|Publication number||US5268809 A|
|Application number||US 07/834,934|
|Publication date||Dec 7, 1993|
|Filing date||Feb 13, 1992|
|Priority date||Feb 18, 1991|
|Publication number||07834934, 834934, US 5268809 A, US 5268809A, US-A-5268809, US5268809 A, US5268809A|
|Inventors||John H. Eschenburg|
|Original Assignee||Eschenburg John H|
|Export Citation||BiBTeX, EndNote, RefMan|
|Patent Citations (23), Non-Patent Citations (2), Referenced by (9), Classifications (11), Legal Events (3)|
|External Links: USPTO, USPTO Assignment, Espacenet|
This invention relates to a protection device for a computer, particularly, but not necessarily exclusively, a personal computer (PC).
A computer diskette drive, such as a "floppy" diskette drive or a "stiffy" diskette drive, and the like, (hereinafter referred to simply as a diskette drive), normally has an access opening through which a diskette intended for use with that drive can be inserted. The access opening is open to abuse by an unauthorised person as it permits access to software, or copying of software, contained in the computer, permits the introduction of unauthorised software or of a computer virus into the computer, permits access to or copying of confidential data contained in the computer, permits the ingress of dust and foreign objects, and so on. It is an object of this invention to offer a solution to this problem.
According to the invention there is provided a protection device for a diskette drive of a computer, the device including an access prevention member locatable in an access opening of the diskette drive and operable to inhibit insertion of a diskette into the diskette drive, and locking means operable to retain the access prevention member in the access opening of the diskette drive, the locking means including an arm having at its leading end a transversely extending engagement formation and the arm being rotatably mounted relative to the access prevention member thereby to permit rotation of the arm from an inoperative position while the device is inserted into the access opening of the diskette drive to an operative locking position once inserted into the access opening where the engagement formation engages a portion of a drive operating mechanism of the diskette drive.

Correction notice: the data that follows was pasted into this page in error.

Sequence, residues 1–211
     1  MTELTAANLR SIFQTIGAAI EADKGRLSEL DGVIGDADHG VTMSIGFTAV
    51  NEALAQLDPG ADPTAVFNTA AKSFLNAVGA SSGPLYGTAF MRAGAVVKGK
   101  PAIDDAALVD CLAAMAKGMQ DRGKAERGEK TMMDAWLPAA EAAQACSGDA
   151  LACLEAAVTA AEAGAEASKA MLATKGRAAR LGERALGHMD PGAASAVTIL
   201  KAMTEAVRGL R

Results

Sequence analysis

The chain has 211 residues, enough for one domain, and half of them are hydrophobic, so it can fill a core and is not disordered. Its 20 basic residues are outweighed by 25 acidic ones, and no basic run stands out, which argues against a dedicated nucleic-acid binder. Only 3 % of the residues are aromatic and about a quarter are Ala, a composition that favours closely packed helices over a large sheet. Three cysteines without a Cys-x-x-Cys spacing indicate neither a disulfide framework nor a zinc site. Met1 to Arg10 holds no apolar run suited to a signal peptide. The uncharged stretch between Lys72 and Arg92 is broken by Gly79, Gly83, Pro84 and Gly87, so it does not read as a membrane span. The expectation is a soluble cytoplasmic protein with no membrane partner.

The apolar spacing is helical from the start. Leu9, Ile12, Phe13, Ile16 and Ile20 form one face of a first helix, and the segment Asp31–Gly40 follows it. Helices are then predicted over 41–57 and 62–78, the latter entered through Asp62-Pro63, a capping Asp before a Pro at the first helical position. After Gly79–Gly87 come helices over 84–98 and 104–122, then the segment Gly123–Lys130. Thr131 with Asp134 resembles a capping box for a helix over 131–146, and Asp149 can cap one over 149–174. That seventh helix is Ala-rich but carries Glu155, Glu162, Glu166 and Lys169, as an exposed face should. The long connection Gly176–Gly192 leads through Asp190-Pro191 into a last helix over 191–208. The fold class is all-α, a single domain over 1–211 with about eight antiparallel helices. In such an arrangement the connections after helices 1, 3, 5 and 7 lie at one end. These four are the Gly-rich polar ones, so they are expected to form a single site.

The access prevention member may be in the form of a panel insertable at least partially into the access opening. In one form, the panel may correspond in size and shape at least partially to the size and shape of the diskette intended for use in the diskette drive. Thus, when the diskette drive is a "floppy" or "stiffy" diskette drive, the panel may have a height and width similar to the respective heights and widths of a "floppy" and "stiffy" diskette. In the case of a "floppy" diskette drive, the panel may have a depth approximately half that of a "floppy" diskette or it may have a recess defined in its leading end so as not to interfere with read and write heads in the diskette drive. In the case of a "stiffy" diskette drive, the panel may have a depth substantially the same as a "stiffy" diskette.
When the access prevention member is in the form of a panel, the arm may be rotatably accommodated in an aperture or channel defined in the panel and extending inwardly from its trailing end. When accommodated in a channel, the arm may be retained therein by a strip of sheet material adhesively secured to the panel and extending across the channel.
The arm may have at its trailing end a flap co-operating with an outwardly extending platform on the panel, the flap having an aperture therein which when the device is in its operative locking position is in alignment with a mating aperture in the platform for receiving a locking device, such as a padlock, a crimped seal, or the like. The platform may have a recess in which the flap is accommodated when the arm is in its operative locking position. An inner edge of the flap may abut against an outer edge of the panel to inhibit axial displacement of the arm along the channel. In the case of a "floppy" diskette drive, the platform may be positioned in the path of a gate operating lever normally used to engage the drive mechanism of the diskette drive so as to prevent operation of the gate operating lever while the device is in its operative position in the diskette drive.